Satellite blackout mystery solved by ESA’s Swarm
The European Space Agency (ESA) has discovered why GPS navigation systems on low-orbiting satellites like its Swarm trio tend to black out when they fly over the equator between Africa and South America.
Launched in 2013 as a four-year project, the Swarm trio of satellites is designed to measure and untangle the different magnetic fields that stem from Earth’s core, mantle, crust, oceans, ionosphere and magnetosphere.
The satellites carry GPS receivers as part of their positioning system so that operators keep them in the correct orbits. In addition, GPS pinpoints where the satellites are making their scientific measurements.
However, the satellites have proven susceptible to losing their GPS connection, an issue that has occurred 166 times in just their first two years in orbit.
The project has now discovered a direct link between these blackouts and ionospheric “thunderstorms”, around 300–600km above Earth.
Claudia Stolle from the GFZ research centre in Potsdam, Germany said, “Ionospheric thunderstorms are well known, but now we have been able to show a direct link between these storms and the loss of connection to GPS.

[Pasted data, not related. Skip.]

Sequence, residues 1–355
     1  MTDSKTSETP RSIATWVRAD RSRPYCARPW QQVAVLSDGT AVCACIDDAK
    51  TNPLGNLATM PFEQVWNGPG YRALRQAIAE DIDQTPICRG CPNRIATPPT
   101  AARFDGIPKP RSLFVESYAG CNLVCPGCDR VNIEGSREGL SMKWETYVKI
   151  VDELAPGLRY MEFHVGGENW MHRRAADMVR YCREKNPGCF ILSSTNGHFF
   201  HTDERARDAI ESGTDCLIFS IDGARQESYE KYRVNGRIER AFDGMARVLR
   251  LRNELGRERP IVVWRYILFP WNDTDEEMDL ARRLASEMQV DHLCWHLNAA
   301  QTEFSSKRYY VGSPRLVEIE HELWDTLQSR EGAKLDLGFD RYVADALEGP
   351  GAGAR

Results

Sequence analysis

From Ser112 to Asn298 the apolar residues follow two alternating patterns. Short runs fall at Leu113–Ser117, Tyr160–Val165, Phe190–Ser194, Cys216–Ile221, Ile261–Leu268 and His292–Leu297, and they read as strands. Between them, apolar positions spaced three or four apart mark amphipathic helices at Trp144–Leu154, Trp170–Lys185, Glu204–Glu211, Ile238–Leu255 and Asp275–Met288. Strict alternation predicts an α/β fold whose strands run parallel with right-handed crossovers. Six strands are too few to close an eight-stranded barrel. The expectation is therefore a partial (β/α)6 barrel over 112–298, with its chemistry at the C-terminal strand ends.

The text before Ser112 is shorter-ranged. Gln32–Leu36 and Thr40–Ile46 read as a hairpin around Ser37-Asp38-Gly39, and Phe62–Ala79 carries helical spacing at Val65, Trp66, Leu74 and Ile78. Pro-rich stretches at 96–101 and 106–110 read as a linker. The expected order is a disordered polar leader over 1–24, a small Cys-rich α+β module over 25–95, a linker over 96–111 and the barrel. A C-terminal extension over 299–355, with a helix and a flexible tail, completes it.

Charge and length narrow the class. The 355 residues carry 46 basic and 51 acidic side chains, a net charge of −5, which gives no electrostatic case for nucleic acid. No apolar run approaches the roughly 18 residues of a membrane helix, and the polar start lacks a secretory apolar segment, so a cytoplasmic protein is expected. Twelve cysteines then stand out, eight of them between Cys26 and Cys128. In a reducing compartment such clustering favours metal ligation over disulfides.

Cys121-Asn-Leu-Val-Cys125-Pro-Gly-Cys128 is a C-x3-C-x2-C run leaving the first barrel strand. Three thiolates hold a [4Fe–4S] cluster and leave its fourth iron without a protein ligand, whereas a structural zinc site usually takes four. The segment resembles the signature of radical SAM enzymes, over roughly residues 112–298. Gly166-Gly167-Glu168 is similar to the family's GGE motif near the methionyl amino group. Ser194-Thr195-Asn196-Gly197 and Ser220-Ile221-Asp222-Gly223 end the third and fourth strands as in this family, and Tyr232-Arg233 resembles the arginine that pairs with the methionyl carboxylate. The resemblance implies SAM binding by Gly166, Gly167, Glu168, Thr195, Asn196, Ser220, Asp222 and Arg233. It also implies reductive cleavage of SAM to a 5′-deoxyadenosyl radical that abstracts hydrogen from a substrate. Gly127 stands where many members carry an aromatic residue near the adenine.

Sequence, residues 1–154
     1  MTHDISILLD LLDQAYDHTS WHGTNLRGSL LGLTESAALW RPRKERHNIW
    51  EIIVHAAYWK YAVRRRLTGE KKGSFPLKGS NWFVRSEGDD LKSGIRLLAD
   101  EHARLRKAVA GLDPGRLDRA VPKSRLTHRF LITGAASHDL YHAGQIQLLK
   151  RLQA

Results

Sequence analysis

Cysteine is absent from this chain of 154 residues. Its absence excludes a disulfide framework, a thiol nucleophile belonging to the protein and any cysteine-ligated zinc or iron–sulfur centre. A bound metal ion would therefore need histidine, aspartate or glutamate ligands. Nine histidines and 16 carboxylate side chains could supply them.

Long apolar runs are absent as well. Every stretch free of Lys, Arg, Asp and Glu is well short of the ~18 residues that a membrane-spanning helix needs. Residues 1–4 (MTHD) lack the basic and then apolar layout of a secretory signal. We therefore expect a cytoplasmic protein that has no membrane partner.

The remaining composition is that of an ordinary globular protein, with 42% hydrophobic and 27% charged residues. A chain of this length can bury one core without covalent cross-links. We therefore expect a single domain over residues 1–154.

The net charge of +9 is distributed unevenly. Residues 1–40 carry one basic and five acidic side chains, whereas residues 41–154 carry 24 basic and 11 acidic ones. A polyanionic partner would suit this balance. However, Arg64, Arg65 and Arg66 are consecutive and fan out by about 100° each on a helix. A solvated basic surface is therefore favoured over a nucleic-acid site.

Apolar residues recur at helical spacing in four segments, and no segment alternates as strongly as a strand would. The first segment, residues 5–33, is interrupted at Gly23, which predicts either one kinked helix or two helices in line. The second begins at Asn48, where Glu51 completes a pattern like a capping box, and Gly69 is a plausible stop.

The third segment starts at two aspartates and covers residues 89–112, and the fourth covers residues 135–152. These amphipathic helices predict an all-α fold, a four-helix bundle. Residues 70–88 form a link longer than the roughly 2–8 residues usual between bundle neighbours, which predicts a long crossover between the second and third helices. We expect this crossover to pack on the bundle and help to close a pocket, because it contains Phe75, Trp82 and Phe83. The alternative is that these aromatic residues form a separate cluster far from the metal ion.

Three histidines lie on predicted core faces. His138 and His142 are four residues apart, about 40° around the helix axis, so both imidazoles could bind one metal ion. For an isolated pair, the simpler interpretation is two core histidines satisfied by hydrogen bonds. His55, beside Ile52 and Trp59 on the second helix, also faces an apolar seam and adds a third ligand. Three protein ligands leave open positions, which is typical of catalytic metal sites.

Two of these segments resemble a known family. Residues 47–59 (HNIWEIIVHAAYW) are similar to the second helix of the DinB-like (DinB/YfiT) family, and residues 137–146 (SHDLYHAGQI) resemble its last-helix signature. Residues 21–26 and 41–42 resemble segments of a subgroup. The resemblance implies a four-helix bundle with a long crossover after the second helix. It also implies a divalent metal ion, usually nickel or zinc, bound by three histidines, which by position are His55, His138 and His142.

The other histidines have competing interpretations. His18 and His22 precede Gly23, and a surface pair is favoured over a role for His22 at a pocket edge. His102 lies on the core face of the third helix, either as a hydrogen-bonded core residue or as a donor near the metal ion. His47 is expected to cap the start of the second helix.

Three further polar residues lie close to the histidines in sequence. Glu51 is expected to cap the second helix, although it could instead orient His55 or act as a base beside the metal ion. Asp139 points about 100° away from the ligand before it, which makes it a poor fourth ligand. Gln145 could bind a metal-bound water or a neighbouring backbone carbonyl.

“This is thanks to Swarm because it is the first time that high-resolution GPS and ionospheric patterns can be detected from the same satellite.”
These thunderstorms occur when the number of electrons in the ionosphere undergoes large and rapid changes. This tends to happen close to Earth’s magnetic equator and typically just for a couple of hours between sunset and midnight.
Atoms are broken up by sunlight in the ionosphere leading to free electrons. These electrons are then scattered by thunderstorms that create small bubbles with little or no ionised material. These bubbles disturb the GPS signals so that the Swarm GPS receivers can lose track.
It transpires that 161 of the lost signal events coincided with ionospheric thunderstorms. The other five were over the Polar Regions and corresponded to increased strong solar winds that cause Earth’s protective magnetosphere to ‘wobble’.
Resolving the mystery of blackouts is not only good news for Swarm, but also for other low-orbiting satellites experiencing the same problem. It means that engineers can use this new knowledge to improve future GPS systems to limit signal losses.
ESA’s Christian Siemes said: “In light of this new knowledge, we have been able to tune the Swarm GPS receivers so they are more robust, resulting in fewer blackouts.
“Importantly, we are able to measure variations in the GPS signal which is not only interesting for engineers developing GPS instruments, but also interesting to advance our scientific understanding of upper-atmosphere dynamics.”